Understanding Software Design Principles

Understanding Software Design Principles


When any developer start writing code of any feature/module, the best practice is to try to formulate the high level Interfaces/classes and methods on a white paper / board and try to explain it to yourself why you have decided to have these methods and their parameters and the names of methods? what are the responsibilities of each method etc.

Once you convince yourself, it is very easy to convince others as you have the rational behind each and everything you defined. This is what is called “Designing”.  Designing doesn’t mean you have to draw the UML diagrams like Class Diagram, Sequence Diagram (I am not advocating you to avoid UML). Perhaps UML is the standard way to define the things, to be able to communicate the common understanding between distributed teams.

To Design your classes and Interfaces better there are many software design principles, very famous one is SOLID (expansion as below). Apart from this there are many principle many developers are not aware of, I am here trying to throw some light on those principle as well.

  • SRP     ( Single Responsibility Principle)
  • OCP    ( Open Close Principle)
  • LSP     ( Liskov Substitution Principle)
  • ISP      ( Interface Segregation Principle)
  • DIP      ( Dependency Inversion Principle)

SOLID principles are explained here, If you would like to have a quick recap.

SKY principles:

SKY is a name given by me,[don’t bother if you don’t like the name] I am just trying to use the word, which make sense.

  • SOC    ( Separation of Concerns )
  • KISS    ( Keep it simple, Stupid )
  • YAGNI ( You aren’t gonna need it )

These three principles are very very useful when you try to apply them in real time. So, lets try to discuss each one of them below in detail and if possible I will give you some example as well.

SoC (Separation of Concerns) :

This term was coined by Edsger W Dijkstra in 70 s, His idea behind this is just keep the separate things separately. You should keep the related things together and non related things separate. Let me put it in different terms, If you have to write a web page write HTML in one place, write CSS in another place and JS in different place. The reason behind doing this is each one has a different concern.

HTML focus on the text you would like to show on the page, here the concern is the what you want to show on your page. CSS focus on the style of the text you want to show like Font, size, color etc. Here the concern is How you are going to display the text of HTML. JS (Java Script) has a completely different concern to manipulate the DOM or Apply client side validations etc.  So, It is very easy if you separate the concerns with your business functionality, however this is a high level abstraction in the hierarchy. This intern brings the Single Responsibility, which you can apply very easily when you have a high level SoC.

If you don’t do SoC in early stages of the application, just imagine the HTML page with inline CSS and the JS written inline too. Can you maintain the code ?Can you read the code ? the answer I can guess is “NO”. So, these are the implications if you don’t do the SoC in the first place.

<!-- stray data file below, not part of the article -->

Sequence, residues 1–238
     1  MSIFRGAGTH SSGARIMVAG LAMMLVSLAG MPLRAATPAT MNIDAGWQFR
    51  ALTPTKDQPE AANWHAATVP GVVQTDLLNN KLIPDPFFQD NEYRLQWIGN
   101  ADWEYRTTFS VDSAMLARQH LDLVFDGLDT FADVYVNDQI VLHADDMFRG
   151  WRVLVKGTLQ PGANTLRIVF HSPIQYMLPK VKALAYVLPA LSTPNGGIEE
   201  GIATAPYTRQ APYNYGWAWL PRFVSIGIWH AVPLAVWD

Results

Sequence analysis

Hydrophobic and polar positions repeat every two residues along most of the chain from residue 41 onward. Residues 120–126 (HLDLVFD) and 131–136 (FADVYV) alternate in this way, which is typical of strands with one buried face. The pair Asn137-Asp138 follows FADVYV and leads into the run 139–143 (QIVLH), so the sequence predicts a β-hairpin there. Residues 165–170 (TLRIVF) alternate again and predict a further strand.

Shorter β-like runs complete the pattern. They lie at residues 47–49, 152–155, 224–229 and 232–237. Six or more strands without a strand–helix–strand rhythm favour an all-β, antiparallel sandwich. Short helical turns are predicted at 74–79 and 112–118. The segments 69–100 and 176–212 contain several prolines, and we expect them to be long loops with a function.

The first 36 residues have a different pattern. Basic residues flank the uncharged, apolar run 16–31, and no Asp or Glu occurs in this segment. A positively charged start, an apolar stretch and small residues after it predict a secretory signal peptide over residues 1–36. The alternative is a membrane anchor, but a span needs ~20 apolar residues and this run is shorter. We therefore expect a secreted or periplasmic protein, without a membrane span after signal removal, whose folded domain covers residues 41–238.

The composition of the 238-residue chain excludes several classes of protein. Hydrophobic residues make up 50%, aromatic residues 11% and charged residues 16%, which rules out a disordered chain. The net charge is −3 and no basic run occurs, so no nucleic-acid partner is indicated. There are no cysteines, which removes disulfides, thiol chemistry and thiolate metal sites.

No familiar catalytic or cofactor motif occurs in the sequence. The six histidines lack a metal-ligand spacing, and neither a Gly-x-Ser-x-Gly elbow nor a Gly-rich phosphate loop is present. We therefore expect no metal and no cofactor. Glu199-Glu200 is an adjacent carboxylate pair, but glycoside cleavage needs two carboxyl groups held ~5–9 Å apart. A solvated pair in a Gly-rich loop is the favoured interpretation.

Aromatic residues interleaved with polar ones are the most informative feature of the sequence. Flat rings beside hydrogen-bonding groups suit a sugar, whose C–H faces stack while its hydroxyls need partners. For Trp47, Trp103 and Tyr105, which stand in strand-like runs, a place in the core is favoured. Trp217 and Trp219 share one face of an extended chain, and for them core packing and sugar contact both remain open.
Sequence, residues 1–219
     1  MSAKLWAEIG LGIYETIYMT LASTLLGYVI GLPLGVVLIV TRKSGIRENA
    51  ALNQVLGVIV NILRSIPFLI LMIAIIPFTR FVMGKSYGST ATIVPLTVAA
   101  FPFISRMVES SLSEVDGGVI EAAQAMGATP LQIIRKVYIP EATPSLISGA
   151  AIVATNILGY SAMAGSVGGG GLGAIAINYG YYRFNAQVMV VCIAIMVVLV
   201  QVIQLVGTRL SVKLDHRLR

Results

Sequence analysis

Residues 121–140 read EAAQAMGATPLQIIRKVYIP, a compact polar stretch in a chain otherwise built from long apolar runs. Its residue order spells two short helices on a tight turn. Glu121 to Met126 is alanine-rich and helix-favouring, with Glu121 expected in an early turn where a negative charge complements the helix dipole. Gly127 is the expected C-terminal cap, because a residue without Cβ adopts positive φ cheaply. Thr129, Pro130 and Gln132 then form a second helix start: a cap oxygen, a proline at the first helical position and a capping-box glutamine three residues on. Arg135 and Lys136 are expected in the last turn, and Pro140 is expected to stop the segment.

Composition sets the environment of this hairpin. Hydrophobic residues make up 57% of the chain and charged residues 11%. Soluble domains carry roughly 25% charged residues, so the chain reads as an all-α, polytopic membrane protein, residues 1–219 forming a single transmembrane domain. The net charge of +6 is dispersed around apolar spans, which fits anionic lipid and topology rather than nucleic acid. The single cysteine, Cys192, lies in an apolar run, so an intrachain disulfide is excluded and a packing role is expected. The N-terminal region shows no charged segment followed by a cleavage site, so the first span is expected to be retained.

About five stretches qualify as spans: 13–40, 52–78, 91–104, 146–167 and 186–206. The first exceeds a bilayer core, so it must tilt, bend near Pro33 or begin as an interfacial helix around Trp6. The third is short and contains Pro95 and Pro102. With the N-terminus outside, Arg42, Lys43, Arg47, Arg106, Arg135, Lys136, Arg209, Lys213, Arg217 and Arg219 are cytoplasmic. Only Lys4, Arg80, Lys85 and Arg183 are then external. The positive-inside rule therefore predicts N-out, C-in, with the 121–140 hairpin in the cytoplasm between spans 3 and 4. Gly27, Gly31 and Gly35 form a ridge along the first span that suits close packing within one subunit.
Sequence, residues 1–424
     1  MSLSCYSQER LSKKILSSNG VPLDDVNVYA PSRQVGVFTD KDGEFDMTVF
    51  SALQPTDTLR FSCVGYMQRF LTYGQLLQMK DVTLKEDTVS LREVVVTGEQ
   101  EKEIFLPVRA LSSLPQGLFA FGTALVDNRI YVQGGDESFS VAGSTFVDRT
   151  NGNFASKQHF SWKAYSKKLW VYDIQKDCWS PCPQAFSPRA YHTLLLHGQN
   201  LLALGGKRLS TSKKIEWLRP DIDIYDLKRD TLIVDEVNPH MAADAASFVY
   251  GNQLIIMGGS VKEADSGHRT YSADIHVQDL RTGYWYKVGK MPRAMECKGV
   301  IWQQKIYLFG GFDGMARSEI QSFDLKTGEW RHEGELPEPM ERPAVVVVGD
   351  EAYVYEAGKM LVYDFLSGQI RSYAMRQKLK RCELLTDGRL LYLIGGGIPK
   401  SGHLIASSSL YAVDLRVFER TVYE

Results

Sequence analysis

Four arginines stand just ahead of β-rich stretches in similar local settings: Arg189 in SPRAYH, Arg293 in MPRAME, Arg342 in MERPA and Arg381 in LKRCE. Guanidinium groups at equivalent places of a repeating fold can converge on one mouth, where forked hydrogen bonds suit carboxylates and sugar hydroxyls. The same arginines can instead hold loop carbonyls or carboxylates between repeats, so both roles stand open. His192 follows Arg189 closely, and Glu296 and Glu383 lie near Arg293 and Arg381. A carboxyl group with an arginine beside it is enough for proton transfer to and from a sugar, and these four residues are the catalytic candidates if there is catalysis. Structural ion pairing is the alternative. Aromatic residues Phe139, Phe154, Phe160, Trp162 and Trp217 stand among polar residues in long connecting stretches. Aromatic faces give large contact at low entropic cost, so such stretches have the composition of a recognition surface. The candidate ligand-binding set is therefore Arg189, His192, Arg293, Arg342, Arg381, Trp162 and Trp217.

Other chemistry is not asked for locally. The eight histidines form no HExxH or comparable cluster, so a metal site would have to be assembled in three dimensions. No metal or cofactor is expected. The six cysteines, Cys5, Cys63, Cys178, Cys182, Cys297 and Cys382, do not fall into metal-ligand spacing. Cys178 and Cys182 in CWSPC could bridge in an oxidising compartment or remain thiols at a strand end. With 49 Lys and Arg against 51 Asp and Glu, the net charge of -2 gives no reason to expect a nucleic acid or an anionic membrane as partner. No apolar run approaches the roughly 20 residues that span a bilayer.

KISS ( Keep it simple, stupid):

This principle is started with a military systems design of US, they learned the systems should be as simple as possible to be maintained well. This has another meaning “Keep it Short and Simple” also. The idea you can easily get with this is you should design something only when it is needed 100%.

If you are trying to design Layers, I have seen some Architects who does too many Layers, and the reasons behind creating these layers will become absolute when the developers in the team changes. So, all these layers act as deli-gators with only line of code calling the next layer’s method.  This is a pure overhead. That is when you should apply KISS. Lets try to keep this things simple. 🙂

If you really need those layers document the responsibility of each layer correctly and communicate the same to the team. It is always better to keep the design simple, when the team changes we might not have to give a long KT (Knowledge transfers) sessions, when you have a simple design.

YAGNI ( You aren’t gonna need it ):

This is a awesome principle according to me, and very similar to KISS principle.  This principle forces you to think twice before you add any new behaviors to your objects. Do you really need this to the object ? Once you are satisfied with this answer, you could add them to that class. Usually when we ask these questions to our self, we might get the answer “May be this is not required here” or “We already have a similar method in another class” etc.

If we could implement this, we could save the development time, testing time etc, by NOT developing something which is not required. We won’t be doing over engineering the system because of this.

Hope this helped you, keep applying these principles in daily life

…. Happy reading 🙂

Reference for Design Principles is here.

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